The heavens are telling the glory of God; and the firmament proclaims his handiwork.

Psalms 19:1

I usually don’t add much comment on the psalm of the day, because they speak for themselves and don’t usually require much backstory to understand them. But the first verse here speaks so loudly to me. Even in my darkest days and furthest from God, I never fell into atheism or agnosticism (thank God) because I was always fascinated by the night sky and the orderliness of the galaxies. Id watch documentaries of Fr Lematrie and his Big Bang Theory and always be reminded of this psalm. The night sky testifies to God’s existence like a cosmic version of the teleological argument for the existence of God, like William Paley’s famous example of a watch and watchmaker, but in the sky.


Jesus goes to the area beyond the Jordan where John the Baptist was baptizing and where Moses delivered the discourses recorded in Deuteronomy. Both these facts are important due to what takes place.

Remember that John the Baptist was decapitated by Herod for speaking out against an unlawful marriage, and so that may have been the Pharisees motive here in asking questions to trap Jesus. When they ask about the possibility of divorce, Jesus responds with a short teaching on the indissolubility of marriage. They then bring up the fact that Moses allowed for divorce in Deuteronomy, and He responds with the fact that Moses allowed divorce but that was an imperfect compromise.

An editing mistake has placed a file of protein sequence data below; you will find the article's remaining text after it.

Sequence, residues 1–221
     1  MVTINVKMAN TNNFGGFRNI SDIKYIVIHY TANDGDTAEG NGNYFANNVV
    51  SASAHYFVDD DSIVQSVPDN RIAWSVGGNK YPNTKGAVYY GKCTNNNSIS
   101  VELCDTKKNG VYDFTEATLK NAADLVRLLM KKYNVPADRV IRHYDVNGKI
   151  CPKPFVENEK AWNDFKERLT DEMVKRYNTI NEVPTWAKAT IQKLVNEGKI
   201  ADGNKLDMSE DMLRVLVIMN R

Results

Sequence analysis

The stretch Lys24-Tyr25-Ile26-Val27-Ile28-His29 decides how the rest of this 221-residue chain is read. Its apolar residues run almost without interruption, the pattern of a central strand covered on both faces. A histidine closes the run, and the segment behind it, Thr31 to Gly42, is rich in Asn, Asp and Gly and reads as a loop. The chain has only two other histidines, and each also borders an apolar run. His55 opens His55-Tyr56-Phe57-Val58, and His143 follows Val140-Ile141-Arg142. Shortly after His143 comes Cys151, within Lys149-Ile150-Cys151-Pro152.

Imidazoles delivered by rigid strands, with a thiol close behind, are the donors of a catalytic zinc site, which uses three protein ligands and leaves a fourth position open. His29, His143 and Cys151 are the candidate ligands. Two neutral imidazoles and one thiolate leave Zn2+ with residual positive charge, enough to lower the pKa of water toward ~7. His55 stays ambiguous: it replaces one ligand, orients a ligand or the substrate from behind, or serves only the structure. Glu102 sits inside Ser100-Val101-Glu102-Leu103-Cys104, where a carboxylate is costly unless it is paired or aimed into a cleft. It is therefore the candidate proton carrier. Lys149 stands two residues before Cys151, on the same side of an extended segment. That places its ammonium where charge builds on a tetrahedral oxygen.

He then restates the law, thus showing His authority over and above Moses, by saying divorce and remarriage is impermissible. The disciples are incredulous about this turn of events and comment that it would be best to never marry. Jesus says they are correct, but that not many could bear this.

Virginity for the sake of the kingdom of heaven is an unfolding of baptismal grace, a powerful sign of the supremacy of the bond with Christ and of the ardent expectation of his return, a sign which also recalls that marriage is a reality of this present age which is passing away.

CCC 1619

The chapter finishes with a dialogue with a rich young man. He asks what must he do to inherit eternal life. Jesus replies to keep the commandments, and the man asks which ones. The Jews of that day followed hundreds of commandments in three different categories; the juridical law, the ceremonial law, the moral law. So he was asking for clarification on what was eternally most important.

Jesus responds by listing off the Ten Commandments, showing the young man and us too, that the moral law never passes away. What is intrinsically evil and against natural law remains out of bounds even in the New Covenant. The man says that he’s done all these, so Jesus tells him to sell all that he has and give it to the poor.

This doesn’t mean that everyone is called to vows of poverty like a monk, but that Jesus saw the attachment this man had to wealth and was telling him that to follow Jesus is to place Him above all. This detachment from material goods becomes more difficult if a person has great wealth, and Jesus gives an impossible comparison between a rich person entering heaven as a camel passing thru a needle. This is not possible without the help of God.